5. Once designated. an ETC may have some COLR duties FCC has said that carriers receiving support: “are required to provide the supported services throughout the service area for which the designation is received and to advertise the availability of such services and their rates using media of general distribution. States may designate ETCs Most states perform this function.” Under a specific federal statute. This probably applies only to ETCs. a carrier may have to accept some COLR duties in unserved areas. Federal Universal Service Law May Increase COLR Duties Designation as “Eligible Telecommunications Carriers” (ETCs) is prerequisite to receiving federal high cost support. (§251(e)(3)). 2/20/08 12 .
New Situations May Require Adding or Dropping COLR Duties Newly built areas ILEC doesn’t have facilities. Mid-Rivers Cooperative in Montana Some states may eliminate ILEC duties as COLR.6. or perhaps even the ability to install facilities. CLECs begin to function like ILECs. Does an exclusive right-of-way abate COLR duties for an ILEC? Some CLECs overbuilt and took away nearly all customers. 13 Overbuilds of ILEC areas 2/20/08 .
3.Six COLR Issues for States: 1. 5. 2. 4. 6. Who is the COLR? What is the COLR’s duty? Should COLRs be compensated? Compensated for what? How much? Who pays? 2/20/08 14 .
2/20/08 15 . Eliminating COLR duties for ILECs ILEC exits where new build areas and exclusive contracts prevent it from building. Define rules for adding and removing COLR duties. or to all LECs who provide dial tone. Adding COLR duties for CLECs CLEC overbuild supplants ILEC as dominant carrier. New build areas and exclusive contracts. Who is the COLR? Clarify whether COLR duties apply to ILECs only.1.
What is the COLR’s Duty? A.g.2. wireless backhaul 2/20/08 16 . Define the protected customer Customer class limits Business only? Large business only? Quantity limits Mass migrations? Wholesale service to other carriers? E.
Where is the protected customer? Allow geographic discrimination? Wherever COLR has facilities? Mandate service in high-cost areas with no competition? C. COLR’s Duty (cont. What other duties? Minimum service elements Service quality standards Consumer complaint jurisdiction Supervised market exit 2/20/08 17 .2.) B. Service at a regulated price? Just and reasonable rates? Extra charge for line extensions? D.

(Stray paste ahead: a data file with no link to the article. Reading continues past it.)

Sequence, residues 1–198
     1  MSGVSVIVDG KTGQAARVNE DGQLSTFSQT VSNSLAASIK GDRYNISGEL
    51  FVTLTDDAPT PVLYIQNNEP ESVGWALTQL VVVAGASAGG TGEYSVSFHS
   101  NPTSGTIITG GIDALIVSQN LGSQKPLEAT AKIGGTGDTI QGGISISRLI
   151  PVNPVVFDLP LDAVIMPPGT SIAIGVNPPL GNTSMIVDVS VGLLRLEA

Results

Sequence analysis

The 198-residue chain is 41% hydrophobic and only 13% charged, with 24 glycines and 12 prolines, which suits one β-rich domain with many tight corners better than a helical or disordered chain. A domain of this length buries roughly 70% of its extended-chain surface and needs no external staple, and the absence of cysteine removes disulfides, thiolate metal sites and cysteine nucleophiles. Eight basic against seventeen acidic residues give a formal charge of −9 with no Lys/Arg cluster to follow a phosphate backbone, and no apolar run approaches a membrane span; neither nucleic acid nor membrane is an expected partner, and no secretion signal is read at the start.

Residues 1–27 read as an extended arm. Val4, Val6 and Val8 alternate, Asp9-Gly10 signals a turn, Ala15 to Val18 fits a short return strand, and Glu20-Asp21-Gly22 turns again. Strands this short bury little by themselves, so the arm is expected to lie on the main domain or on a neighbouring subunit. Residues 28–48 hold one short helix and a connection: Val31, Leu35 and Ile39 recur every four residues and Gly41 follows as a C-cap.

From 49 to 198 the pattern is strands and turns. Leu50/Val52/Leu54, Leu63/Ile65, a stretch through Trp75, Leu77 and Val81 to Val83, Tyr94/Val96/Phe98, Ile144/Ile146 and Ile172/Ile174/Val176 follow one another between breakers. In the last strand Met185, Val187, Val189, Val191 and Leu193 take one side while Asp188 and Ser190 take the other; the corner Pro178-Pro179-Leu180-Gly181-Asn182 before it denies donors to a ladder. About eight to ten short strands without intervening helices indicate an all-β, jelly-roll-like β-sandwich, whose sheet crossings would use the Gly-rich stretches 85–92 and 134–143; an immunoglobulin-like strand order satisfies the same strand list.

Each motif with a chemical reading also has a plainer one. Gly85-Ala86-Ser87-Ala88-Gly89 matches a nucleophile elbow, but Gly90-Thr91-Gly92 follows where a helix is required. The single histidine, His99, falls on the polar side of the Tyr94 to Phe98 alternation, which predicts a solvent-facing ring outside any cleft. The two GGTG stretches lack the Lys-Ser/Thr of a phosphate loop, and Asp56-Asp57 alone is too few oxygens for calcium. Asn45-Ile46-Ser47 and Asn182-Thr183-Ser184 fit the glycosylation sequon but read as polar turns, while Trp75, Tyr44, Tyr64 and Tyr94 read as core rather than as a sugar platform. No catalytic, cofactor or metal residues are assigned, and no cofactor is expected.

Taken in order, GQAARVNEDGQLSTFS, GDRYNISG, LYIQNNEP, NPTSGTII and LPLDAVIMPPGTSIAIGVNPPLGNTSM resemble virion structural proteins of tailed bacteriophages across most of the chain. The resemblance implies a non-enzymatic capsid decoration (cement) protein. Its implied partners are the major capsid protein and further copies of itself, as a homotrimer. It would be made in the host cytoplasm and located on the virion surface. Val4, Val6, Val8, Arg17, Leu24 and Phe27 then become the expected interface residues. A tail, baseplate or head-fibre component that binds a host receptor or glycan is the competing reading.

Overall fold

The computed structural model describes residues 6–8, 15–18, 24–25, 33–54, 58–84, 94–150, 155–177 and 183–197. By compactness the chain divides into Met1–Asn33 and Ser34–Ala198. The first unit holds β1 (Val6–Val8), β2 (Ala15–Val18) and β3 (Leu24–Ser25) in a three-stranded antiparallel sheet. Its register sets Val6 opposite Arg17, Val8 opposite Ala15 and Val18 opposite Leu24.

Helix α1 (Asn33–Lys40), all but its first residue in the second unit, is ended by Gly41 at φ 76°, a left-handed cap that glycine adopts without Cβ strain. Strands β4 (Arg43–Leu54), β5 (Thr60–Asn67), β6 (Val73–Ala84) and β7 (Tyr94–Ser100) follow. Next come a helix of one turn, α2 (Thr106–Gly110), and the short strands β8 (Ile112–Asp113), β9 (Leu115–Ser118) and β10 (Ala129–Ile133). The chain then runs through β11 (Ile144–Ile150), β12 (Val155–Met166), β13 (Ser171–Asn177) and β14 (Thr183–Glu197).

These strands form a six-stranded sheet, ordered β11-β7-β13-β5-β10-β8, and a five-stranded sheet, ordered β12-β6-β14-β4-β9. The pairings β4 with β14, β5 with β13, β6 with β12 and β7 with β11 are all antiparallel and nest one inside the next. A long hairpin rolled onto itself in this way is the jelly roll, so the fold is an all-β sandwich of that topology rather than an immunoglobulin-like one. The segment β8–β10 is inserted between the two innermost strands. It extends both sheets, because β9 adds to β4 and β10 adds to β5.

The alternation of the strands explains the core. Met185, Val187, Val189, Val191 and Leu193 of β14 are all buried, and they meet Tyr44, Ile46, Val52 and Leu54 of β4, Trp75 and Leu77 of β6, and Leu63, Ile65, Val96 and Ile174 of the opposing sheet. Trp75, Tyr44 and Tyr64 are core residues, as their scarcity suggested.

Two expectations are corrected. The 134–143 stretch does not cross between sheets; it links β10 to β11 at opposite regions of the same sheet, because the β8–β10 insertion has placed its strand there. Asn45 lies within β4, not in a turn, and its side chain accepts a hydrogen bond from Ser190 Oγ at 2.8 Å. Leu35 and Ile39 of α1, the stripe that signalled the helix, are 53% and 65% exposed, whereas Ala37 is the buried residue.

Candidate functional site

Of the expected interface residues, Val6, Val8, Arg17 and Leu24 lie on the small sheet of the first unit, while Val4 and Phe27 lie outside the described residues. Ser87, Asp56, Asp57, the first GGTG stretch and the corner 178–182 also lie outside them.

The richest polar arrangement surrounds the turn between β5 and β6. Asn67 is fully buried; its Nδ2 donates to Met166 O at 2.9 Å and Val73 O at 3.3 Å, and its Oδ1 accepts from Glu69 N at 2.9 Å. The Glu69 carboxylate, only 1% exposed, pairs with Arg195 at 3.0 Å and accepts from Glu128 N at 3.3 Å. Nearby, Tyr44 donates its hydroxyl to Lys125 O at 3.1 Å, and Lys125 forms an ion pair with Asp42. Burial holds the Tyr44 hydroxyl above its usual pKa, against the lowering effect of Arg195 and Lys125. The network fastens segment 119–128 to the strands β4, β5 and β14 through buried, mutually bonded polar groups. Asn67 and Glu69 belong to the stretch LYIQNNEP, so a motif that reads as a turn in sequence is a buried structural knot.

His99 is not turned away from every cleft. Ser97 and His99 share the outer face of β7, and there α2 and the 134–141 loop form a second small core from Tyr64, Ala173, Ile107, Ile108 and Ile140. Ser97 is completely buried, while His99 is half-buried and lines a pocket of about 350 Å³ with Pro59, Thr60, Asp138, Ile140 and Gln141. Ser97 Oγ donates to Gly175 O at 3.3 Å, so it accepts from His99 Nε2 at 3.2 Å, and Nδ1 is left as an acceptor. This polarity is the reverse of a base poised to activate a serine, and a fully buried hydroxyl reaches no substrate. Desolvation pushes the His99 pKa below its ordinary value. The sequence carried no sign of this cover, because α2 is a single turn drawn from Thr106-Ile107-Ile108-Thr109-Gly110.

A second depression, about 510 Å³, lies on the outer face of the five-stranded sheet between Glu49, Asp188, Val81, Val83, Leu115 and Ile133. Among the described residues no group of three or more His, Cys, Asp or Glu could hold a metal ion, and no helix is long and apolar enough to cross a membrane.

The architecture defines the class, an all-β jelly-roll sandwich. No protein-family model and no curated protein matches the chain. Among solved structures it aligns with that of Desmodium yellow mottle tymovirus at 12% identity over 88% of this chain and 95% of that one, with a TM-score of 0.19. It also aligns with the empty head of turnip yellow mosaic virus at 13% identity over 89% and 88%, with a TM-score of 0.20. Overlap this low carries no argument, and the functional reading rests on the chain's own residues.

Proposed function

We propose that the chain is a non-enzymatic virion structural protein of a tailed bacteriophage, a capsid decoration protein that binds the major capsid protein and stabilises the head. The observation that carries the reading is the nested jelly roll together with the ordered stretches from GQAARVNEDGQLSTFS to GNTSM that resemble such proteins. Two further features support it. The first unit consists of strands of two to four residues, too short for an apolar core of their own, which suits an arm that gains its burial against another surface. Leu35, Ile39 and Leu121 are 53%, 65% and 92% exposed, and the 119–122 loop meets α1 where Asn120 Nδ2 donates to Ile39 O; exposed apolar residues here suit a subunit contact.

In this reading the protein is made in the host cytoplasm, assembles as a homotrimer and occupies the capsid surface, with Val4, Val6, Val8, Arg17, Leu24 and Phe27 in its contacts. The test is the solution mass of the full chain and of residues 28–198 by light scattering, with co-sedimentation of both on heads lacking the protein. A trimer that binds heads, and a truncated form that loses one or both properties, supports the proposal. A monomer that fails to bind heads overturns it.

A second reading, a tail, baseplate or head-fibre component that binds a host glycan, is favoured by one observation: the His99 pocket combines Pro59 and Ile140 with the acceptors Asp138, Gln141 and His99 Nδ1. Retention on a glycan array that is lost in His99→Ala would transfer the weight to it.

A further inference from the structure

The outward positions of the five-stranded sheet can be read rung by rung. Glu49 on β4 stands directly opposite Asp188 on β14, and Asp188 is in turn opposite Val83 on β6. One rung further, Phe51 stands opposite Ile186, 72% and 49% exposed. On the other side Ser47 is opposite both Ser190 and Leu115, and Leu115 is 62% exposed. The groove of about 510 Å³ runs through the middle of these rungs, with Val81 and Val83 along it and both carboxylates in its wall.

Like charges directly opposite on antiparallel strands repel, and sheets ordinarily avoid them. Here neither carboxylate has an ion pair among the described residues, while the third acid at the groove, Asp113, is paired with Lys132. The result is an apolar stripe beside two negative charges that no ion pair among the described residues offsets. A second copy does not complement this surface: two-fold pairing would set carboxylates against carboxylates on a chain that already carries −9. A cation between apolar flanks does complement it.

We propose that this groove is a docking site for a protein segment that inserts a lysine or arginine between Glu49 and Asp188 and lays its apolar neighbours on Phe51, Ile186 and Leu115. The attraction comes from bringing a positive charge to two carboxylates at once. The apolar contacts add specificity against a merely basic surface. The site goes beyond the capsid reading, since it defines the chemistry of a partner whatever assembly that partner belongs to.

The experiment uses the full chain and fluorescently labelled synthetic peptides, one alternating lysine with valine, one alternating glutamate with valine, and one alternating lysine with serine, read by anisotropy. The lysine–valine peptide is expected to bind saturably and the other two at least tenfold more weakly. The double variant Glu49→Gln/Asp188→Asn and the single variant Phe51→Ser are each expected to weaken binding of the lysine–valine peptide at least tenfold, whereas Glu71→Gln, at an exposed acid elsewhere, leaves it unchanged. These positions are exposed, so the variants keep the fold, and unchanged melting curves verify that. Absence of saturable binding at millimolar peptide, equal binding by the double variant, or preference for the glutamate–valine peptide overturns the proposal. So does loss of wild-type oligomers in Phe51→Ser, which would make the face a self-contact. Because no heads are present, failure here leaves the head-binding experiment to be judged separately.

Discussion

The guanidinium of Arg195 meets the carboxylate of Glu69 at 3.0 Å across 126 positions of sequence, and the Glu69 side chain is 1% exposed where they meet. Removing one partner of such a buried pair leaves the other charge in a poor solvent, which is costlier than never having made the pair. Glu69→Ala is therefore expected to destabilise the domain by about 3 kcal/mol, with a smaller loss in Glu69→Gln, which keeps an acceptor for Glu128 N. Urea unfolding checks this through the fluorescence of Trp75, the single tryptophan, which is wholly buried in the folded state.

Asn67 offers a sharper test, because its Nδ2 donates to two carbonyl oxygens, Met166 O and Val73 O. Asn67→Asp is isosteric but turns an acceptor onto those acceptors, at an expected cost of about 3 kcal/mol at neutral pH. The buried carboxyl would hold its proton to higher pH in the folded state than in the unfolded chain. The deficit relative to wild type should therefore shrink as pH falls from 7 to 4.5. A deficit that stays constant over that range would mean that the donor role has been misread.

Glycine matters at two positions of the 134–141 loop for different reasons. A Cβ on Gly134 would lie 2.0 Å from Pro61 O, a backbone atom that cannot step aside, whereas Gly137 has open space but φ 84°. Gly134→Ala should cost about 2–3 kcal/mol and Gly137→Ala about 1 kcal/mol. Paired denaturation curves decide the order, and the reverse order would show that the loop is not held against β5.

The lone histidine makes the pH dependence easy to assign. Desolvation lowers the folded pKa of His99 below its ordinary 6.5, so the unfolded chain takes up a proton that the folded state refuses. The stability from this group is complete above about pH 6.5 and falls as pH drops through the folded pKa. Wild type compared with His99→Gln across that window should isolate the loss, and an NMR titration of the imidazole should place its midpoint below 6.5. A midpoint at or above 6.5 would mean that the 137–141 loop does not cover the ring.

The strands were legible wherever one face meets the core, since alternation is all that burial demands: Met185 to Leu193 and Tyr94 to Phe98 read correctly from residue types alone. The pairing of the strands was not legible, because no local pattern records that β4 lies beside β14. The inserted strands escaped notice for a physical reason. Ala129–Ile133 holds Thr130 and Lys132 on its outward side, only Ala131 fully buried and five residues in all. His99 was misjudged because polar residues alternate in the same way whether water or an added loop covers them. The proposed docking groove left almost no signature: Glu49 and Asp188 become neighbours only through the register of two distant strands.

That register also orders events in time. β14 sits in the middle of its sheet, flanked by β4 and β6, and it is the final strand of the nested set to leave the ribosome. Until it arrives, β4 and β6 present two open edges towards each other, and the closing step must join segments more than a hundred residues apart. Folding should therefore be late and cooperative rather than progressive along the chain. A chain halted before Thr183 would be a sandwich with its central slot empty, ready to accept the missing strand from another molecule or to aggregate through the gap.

3. Should COLRs Be Compensated? Pro: Protects public health and safety Competitively neutral if it removes asymmetry between duties and revenues. 2/20/08 18 . Con: Upsets competitive equilibrium between ILECs and CLECs. May require additional legislative authority.
Serve high-cost areas Serve uneconomic outlying areas that have no facilitiesbased competitors. Provide facilities for wholesale purchase by other carriers. Stand ready for competitor failures and mass migrations. 2/20/08 19 . Compensated For What? Two Distinct Roles: Backstop for competition 1. 2.4.
How Much Compensation? At what scale is compensation calculated? ILEC wire center? Easier to perform calculations Doughnuts and holes May improve incentives to serve outlying areas How set amount? Auctions? Models? 2/20/08 20 .5.
6. Who Pays .g.g. Florida’s “interim mechanism” CLECs (or their customers) All intrastate telecom customers E. State universal service fund E.Options ILEC (or its customers) Inaction may achieve this E. Retail electric competition E.g.g. Retail electric and gas Exiting customers Returning customers 2/20/08 21 .